The investigation of the murder of four people in the French Alps
has triggered a frenzy of media coverage jumping from one theory to
another. But at another level, the cross-border nature of the case
it has already drawn in enforcement agencies from at least three
countries has demonstrated the increasing sophistication of
European cooperation in law-enforcement matters at a time when other
elements of European integration are in crisis.
A French judge and prosecutor were due to arrive in Britain
Thursday. A small team of French investigators is already there,
helping to find out what led to the shootings a week ago of an Iraqi-
born British engineer Saad al-Hilli, his British wife, her Swedish-
Iraqi mother, and a local French cyclist.
This aspect of the [European] project is racing forward and is
probably one of the largest areas of cooperation in European
decisionmaking when it comes to legal matters, says Dermot Walsh of
the University of Limerick, Ireland, an expert in European criminal
law and procedure. Cooperation in law enforcement is moving very
Professor Walsh stresses that, contrary to the way the
investigation was being portrayed in some reports, the French
investigators in the UK were not conducting searches of the Hilli
home. Rather, they were simply accompanying British police who were
carrying out the searches.
But, he adds: Generally speaking, having officers operating on
the ground in a foreign jurisdiction is something that is fairly new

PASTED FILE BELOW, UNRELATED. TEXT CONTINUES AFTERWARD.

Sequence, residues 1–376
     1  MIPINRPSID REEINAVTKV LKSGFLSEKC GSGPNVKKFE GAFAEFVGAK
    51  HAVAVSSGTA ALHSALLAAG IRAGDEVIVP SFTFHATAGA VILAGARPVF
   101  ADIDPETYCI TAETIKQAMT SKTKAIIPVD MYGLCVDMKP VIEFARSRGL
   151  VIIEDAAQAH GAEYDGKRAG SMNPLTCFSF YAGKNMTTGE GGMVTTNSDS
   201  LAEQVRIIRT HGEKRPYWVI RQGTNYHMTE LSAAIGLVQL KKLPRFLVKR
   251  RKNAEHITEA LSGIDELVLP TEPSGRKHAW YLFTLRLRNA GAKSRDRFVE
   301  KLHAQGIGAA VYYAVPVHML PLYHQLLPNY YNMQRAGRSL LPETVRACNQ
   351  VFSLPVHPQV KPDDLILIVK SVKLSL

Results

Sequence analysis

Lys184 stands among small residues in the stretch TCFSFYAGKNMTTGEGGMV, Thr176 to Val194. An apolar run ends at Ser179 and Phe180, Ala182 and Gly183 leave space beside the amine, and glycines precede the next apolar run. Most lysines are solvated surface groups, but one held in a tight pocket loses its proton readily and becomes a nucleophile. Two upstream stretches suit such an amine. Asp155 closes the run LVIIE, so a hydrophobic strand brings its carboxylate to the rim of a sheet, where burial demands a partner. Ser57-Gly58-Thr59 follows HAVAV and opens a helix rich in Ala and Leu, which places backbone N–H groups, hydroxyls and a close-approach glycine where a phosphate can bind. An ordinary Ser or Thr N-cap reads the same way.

and has developed over the past 10 years, although they have not got
to the point where they can, for example, exercise coercive powers,
in other words, powers involving force or the threat of force.
The two young daughters of Mr. Hilli and his wife, Ikbal,
survived. Police have spoken briefly to the elder girl, age seven,
since she came out of a medically induced coma this week, but a more
in-depth talk will have to wait until her doctor gives the OK.
Forty French officers are working on the case, with investigators
focusing on three specific areas: Hilli's work, his family, and his
native Iraq. The latter has been at the center of considerable
attention. The case's French prosecutor, Eric Maillaud, said during
a press conference Wednesday a "specialized" team was tasked with
examining Hilli's links to the country.
The family is still believed to have been on a camping holiday,
with speculation about the murders ranging from suggestions that it
was a race-hate crime to a bungled robbery. …